Business pressures contribute to sharp fall in SME confidence

The Westpac-Melbourne Institute SME Index, that examines the economic health of Australian SMEs, has fallen over the past year showing that SMEs are facing pressures on many fronts. SME confidence for the quarter was heavily impacted by a sharp 12 per cent drop in the Current Conditions Index, which outweighed the Future Conditions Index which rose by four per cent. The deterioration has had a direct impact on bottom lines with 40 per cent of SMEs reporting a decline in profits over the past 12 months.

Pressure is expected to continue with two thirds of SMEs forecasting revenue to be unchanged or lower over the next year. A downturn in dwelling construction means SMEs in related sectors have reported a significant deterioration in conditions.

The Construction, Financial and Real Estate Services sectors reported the biggest sentiment declines this quarter with falls of 30 and 21 per cent respectively. SMEs in these sectors are also more downbeat about the outlook with 75-80 per cent expecting revenue to be the same or worse over the next year.

Westpac Senior Economist, Matthew Hassan, said, “The housing cycle has turned and is clearly starting to bear down more heavily on exposed SMEs. Meanwhile much of the wider SME sector continues to face intense pressure on profitability. This is most evident in retail where SMEs see significant declines in profit despite a modest lift in sales. The results suggest they are struggling to adapt to intense competition, new entrants, market ‘disruptors’ leveraging new technologies, red tape and regulation and energy costs.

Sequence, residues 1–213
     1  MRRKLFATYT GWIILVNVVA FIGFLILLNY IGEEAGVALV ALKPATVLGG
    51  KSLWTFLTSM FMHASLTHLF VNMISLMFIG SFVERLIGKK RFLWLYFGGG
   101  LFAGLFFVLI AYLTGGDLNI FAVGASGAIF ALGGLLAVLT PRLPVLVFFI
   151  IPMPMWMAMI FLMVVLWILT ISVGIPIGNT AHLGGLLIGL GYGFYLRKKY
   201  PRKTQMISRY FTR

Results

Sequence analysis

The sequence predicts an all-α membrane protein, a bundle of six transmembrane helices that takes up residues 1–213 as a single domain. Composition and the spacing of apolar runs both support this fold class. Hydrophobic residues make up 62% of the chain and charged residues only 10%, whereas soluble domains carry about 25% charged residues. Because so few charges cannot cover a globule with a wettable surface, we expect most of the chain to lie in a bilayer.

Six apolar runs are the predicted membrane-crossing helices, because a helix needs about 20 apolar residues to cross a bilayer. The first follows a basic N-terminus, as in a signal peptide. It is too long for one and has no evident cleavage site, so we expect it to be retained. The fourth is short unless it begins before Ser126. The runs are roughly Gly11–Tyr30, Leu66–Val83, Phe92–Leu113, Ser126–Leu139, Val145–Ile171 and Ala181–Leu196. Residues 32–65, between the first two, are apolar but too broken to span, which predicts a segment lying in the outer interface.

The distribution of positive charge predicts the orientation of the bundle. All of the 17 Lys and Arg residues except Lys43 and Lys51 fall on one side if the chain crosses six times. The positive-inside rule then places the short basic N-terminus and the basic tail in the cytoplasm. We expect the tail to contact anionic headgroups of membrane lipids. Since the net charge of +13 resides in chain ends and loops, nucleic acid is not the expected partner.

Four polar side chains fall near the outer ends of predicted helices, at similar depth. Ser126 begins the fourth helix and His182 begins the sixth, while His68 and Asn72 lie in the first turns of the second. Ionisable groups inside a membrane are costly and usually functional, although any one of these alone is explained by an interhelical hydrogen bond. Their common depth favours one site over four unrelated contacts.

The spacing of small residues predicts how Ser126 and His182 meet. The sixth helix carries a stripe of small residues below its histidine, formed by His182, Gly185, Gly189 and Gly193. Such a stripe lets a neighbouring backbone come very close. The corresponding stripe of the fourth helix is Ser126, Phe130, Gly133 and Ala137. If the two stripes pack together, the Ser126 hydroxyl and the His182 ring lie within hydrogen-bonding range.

“Notably, the SMEs that look to be struggling the most are those that have been in business the longest and those with a higher turnover. This suggests the most established small businesses are finding the changing landscape more challenging,” Hassan added.

Ganesh Chandrasekkar, General Manager, Westpac Small Business Banking said despite the challenging picture, there are bright spots with many businesses looking to expand their operations which is good news for jobs and the economy. “We are hearing from our customers that they are finding current conditions tough. But despite this, over a quarter of small businesses are planning to expand their operations including enhancing their products and services and breaking into new markets. This is really positive and there needs to be more support from government, industry and big businesses to help the ambitions of small business owners,” he said.

The SME confidence Index found specific sectors, including those that have been facing declines, are seeing an increase in activity and sales. Small manufacturers and the health services sector are the outperforming sectors with around 45 per cent expecting revenue to improve further in the year ahead. A net of 35 per cent of SMEs in the manufacturing industry reported an increase in real business activity in the past 12 months and a net of 40 per cent reported an increase in sales.

“We’re seeing a re-emergence in the manufacturing sector moving away from big production lines towards other activities in the value chain like designing, recycling and packaging. In fact 90 per cent of this sector is looking to enhance or create new products and services. This is another positive
sign,” Chandrasekkar said

Over half of customers have taken steps to future-proof their business, with many investing in strategy and planning (57 per cent), implementing operational efficiencies to boost productivity (57 per cent) and training up staff (55 per cent).

“It’s optimistic to see many small businesses are investing in their future. With the right support and knowledge, I believe all small businesses can continue to adapt, thrive and drive our nation forward,” Chandrasekkar added.

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